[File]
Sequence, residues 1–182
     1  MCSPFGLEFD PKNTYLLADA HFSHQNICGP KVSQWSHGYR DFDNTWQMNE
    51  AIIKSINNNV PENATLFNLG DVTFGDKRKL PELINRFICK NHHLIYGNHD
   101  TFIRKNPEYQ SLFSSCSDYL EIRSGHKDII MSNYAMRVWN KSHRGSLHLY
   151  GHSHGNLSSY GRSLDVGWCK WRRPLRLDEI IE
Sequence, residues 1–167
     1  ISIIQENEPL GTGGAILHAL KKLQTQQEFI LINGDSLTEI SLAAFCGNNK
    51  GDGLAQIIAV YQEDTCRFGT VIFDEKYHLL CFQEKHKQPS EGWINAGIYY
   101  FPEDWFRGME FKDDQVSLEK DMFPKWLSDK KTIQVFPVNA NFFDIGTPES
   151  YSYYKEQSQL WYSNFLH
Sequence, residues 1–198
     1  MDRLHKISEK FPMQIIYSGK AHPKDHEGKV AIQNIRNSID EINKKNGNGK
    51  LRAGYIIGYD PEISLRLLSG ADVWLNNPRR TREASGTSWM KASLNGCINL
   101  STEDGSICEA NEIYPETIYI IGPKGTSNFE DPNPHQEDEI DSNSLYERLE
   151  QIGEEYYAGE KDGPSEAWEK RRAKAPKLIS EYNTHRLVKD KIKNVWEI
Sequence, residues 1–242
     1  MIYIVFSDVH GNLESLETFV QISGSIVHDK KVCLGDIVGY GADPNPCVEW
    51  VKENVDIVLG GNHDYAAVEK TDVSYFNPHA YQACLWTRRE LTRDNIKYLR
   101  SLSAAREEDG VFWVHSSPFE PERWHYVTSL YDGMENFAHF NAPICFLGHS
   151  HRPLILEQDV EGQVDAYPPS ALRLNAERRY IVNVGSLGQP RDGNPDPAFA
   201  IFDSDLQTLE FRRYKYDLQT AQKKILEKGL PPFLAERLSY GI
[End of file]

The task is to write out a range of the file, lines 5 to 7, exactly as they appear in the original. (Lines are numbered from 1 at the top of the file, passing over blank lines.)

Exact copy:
   151  GHSHGNLSSY GRSLDVGWCK WRRPLRLDEI IE
Sequence, residues 1–167
     1  ISIIQENEPL GTGGAILHAL KKLQTQQEFI LINGDSLTEI SLAAFCGNNK